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Three Ways to Look at Throuples

Throuple

I think one of the things that we have been grateful for during this period of isolation is the Tiger King. Outside of the coronavirus, what on earth would we be talking about if Joe Exotic had not lived such a rollicking life? And of course since we can't get enough, Netflix is giving us a final episode this weekend, airing the eighth and presumably last episode of the series that will feature interviews with Joe Exotic's husbands — past and present.

Part and parcel of this decadent drama is the three-way marriage Joe Exotic entered into with his two partners at the time, John Finlay and Travis Maldonado. Talk about a marriage that didn’t look to be clearly made in heaven, and one that probably blighted the term throuple.

Tiger King isn’t the only Netflix hit that features a throuple. Elite is a Spanish series with hot high school students who go clubbing every night. If you haven’t seen it, that about sums it up, and I won’t go further, so no spoiler alerts; however, the show also features a throuple. In this case, it involves one of the central characters, Polo, who is a murderer — and in his second throuple — Valerio, a guy who is a heavy drug user and dealer, and Cayetana a sweet but very deviously dishonest female.

Again, we’re not talking about the innocent crème de la crème of throuple participants.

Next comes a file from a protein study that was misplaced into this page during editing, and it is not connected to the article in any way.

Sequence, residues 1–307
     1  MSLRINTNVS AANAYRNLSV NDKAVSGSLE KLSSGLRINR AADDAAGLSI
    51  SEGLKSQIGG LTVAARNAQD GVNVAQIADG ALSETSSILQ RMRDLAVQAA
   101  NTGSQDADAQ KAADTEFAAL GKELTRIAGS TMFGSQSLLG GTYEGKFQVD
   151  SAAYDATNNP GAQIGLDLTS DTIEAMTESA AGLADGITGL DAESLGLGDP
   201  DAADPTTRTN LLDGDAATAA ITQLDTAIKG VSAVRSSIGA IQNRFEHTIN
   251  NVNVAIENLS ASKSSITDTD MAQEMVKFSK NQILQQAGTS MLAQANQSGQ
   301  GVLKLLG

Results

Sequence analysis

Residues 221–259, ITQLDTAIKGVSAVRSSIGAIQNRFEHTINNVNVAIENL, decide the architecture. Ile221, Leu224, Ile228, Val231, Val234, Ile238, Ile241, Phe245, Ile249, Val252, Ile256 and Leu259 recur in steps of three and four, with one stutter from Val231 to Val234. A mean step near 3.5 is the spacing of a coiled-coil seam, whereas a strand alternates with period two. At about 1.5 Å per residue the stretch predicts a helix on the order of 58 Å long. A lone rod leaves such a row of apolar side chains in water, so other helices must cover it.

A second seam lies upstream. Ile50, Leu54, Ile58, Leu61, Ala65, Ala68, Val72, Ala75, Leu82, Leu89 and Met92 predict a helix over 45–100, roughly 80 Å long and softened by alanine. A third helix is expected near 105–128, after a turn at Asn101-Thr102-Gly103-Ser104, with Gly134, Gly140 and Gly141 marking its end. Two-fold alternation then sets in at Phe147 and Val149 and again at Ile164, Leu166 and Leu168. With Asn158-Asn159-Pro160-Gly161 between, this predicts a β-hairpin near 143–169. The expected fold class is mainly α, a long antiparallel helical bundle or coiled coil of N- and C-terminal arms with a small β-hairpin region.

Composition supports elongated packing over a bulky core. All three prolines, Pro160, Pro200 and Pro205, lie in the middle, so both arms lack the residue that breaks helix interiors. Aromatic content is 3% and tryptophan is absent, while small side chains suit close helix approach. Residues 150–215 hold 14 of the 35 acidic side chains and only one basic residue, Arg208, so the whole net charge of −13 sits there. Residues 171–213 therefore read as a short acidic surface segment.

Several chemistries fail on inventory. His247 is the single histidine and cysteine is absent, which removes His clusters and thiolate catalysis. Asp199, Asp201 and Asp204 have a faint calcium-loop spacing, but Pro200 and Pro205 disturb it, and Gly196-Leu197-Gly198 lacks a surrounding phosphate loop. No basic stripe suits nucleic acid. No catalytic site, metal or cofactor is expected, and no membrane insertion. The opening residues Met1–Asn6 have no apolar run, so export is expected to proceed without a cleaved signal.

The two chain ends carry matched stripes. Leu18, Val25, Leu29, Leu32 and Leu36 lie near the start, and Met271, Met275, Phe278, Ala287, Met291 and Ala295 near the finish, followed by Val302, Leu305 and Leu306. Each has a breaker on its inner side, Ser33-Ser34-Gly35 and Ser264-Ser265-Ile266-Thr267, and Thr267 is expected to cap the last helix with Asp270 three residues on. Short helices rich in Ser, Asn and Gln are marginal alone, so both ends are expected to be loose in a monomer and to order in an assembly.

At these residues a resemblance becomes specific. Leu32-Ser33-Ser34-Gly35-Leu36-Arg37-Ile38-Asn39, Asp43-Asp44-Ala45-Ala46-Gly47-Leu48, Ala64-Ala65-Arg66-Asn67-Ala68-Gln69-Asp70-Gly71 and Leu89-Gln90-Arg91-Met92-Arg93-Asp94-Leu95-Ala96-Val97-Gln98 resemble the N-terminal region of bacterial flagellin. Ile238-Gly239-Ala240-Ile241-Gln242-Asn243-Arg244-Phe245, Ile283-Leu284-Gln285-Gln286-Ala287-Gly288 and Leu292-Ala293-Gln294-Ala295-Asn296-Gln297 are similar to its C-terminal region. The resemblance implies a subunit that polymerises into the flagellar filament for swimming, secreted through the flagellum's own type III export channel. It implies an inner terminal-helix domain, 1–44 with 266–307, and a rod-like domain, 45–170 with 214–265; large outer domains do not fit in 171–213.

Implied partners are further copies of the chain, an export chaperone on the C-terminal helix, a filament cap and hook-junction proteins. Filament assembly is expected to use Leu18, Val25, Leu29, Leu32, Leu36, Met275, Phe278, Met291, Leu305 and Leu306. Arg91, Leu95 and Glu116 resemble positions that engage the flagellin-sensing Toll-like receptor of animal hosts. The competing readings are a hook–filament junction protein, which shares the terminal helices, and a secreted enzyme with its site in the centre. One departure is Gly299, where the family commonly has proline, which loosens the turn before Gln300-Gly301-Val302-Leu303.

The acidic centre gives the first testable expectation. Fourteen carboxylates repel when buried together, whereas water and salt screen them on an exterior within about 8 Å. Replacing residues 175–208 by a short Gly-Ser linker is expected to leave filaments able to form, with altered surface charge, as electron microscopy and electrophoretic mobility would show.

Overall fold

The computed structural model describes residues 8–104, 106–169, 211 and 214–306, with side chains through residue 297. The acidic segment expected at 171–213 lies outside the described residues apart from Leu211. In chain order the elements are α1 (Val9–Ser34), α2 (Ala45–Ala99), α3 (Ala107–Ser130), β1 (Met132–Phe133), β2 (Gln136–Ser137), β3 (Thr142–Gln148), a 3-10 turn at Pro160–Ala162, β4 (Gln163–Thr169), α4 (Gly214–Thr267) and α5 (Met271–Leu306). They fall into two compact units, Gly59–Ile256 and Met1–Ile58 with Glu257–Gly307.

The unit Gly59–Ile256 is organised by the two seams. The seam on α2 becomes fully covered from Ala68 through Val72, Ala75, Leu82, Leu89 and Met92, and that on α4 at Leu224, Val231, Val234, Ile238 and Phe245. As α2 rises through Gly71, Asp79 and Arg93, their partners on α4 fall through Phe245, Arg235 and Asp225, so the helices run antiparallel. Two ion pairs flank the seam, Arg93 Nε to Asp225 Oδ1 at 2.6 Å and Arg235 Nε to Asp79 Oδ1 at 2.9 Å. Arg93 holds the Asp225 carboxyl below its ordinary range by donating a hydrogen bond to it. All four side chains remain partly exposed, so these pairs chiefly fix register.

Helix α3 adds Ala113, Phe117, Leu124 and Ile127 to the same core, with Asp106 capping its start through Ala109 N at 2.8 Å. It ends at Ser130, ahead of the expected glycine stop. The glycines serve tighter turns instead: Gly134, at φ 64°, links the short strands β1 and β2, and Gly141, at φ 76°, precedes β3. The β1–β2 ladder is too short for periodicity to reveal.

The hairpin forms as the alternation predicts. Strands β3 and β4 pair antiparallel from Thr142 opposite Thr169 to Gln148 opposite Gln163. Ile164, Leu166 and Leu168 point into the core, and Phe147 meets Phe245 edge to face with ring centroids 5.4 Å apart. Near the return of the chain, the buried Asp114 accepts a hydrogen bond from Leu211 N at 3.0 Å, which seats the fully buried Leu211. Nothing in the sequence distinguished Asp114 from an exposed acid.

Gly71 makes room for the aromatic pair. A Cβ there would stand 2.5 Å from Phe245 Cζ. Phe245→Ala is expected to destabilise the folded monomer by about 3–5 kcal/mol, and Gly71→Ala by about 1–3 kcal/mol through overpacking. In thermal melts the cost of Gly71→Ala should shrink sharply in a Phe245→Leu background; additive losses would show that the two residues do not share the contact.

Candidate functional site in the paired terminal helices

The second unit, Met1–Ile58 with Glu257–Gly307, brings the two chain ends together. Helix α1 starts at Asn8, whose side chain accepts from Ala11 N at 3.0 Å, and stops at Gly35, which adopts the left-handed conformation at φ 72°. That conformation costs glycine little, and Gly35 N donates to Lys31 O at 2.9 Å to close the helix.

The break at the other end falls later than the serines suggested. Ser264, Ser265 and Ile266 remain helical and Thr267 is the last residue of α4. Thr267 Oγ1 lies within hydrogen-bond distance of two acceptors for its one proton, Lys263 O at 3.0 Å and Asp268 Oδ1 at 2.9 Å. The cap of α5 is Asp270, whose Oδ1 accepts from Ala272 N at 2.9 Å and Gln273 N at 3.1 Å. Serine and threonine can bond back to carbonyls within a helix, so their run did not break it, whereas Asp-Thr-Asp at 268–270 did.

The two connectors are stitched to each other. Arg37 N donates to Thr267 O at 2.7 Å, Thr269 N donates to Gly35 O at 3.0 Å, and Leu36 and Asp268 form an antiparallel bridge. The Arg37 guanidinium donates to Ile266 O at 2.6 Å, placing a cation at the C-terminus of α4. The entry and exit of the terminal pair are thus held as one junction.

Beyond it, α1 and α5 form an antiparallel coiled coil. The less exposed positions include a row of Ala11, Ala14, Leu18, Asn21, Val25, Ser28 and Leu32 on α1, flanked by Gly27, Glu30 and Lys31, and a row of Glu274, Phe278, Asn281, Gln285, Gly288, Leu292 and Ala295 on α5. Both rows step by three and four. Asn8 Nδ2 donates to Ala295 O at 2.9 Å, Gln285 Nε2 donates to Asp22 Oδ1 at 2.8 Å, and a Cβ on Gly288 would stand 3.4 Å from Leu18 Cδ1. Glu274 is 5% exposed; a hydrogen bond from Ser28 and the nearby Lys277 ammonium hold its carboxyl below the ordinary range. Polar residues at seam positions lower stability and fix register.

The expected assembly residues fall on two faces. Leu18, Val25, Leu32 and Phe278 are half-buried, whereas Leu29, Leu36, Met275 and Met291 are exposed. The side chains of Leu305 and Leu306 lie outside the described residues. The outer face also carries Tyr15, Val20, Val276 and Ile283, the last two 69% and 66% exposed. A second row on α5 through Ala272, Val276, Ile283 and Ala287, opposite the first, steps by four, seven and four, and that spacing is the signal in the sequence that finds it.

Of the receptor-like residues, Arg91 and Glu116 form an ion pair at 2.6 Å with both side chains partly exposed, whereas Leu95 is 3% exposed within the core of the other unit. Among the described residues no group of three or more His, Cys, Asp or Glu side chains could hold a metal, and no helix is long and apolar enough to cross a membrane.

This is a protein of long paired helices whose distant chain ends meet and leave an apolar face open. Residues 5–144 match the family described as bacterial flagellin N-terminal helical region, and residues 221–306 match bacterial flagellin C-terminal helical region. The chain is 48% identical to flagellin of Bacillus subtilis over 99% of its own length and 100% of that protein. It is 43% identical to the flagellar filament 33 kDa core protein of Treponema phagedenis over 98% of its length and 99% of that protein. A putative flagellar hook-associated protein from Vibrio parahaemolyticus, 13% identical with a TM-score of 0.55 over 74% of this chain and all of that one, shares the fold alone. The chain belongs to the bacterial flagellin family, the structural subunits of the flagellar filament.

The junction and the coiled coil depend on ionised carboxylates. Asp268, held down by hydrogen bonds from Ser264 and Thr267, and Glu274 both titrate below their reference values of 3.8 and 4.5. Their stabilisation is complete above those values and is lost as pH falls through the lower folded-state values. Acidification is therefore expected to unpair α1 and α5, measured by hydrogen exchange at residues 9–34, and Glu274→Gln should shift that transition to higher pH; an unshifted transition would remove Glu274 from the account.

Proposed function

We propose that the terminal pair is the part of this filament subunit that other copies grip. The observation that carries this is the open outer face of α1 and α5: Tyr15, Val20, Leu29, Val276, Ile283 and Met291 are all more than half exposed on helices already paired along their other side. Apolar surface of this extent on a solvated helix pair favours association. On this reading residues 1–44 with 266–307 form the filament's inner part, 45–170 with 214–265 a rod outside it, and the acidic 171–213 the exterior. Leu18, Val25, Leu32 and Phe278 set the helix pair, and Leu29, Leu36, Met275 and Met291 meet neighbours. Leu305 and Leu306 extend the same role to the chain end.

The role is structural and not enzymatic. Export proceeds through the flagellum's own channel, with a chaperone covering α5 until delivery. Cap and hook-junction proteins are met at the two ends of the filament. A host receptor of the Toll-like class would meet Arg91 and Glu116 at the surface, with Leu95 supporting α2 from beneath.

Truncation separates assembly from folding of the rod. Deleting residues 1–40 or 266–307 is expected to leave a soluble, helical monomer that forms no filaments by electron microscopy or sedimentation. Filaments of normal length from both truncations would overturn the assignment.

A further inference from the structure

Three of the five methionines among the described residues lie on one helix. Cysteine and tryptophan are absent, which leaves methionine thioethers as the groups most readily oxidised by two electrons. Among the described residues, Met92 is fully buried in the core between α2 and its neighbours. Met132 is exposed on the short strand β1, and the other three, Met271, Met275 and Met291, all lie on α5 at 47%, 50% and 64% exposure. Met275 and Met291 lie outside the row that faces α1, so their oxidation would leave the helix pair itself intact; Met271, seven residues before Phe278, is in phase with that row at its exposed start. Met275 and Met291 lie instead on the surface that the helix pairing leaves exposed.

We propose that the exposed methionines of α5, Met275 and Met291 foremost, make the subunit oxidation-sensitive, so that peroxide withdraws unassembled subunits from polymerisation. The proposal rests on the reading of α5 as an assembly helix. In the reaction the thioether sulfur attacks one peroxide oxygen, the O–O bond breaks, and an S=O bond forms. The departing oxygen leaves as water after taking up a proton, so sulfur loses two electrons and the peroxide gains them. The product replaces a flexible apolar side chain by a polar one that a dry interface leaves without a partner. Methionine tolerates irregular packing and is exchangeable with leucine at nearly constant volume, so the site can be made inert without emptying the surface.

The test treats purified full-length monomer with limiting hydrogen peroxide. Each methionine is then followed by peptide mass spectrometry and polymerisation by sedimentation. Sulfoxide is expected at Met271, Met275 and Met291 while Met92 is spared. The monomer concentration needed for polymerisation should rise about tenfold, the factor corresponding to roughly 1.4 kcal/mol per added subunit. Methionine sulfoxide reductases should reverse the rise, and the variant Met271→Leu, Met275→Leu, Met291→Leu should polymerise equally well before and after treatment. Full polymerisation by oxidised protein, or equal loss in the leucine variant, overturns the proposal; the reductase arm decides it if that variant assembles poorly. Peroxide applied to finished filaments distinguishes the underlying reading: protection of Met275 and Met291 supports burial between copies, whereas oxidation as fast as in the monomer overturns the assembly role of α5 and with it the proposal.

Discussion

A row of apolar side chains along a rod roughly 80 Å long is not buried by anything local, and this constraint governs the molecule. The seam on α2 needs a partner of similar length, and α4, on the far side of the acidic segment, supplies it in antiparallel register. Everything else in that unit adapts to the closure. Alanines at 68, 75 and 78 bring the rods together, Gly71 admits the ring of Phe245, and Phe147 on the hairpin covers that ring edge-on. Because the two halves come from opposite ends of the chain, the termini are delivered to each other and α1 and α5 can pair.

If things come in threes — pardon the salacious pun — then we also have the recent incident with former Congresswoman Katie Hill, who resigned because of irregularities with her campaign, but who had to endure, what to her was an unwanted revelation of her involvement in a throuple.

All of these throuples are being depicted on television and in the media as scandalous, dramatic, sordid and vagabondized, giving a not so glowing impression of the relationship dynamic. The portrayals are less than flattering. Which begged the question, are we seeing an evolution of throuples in the media the same way we did with lesbians and gays in the 1950s and '60s, who were represented in similar fashion? As melodramatic, disreputable vagrants? 

For some help in untangling these three threads, I turned to Dr. Joe Kort, a leading expert on sex and relationships, and the author of numerous books about same-sex relationships and gay sex. 

My first question to Dr. Kort was to see if he agreed that while the concept of three-person relationships was becoming more widespread, the media may be depicting the concept in a less than favorable light.

“Erotophobia is what I believe this is about just as it was about gays and lesbians in the '50s and '60s,” Kort explained. “Erotophobia is basically the irrational fear and disgust of sex. In the case of gays and lesbians it was the fear and disgust of same-sex sex.”

Kort went on to say that while we are a monoganormative culture with deep religious roots, things might be changing with perceptions about sex, and the idea of throuples threatening the ideal and gold standard of monogamy. “It scares people to think you can love more than one person and be able to stay together,” he said. “We insist on believing that it is always about 'cheating' and 'infidelity' to reinforce monogamy.”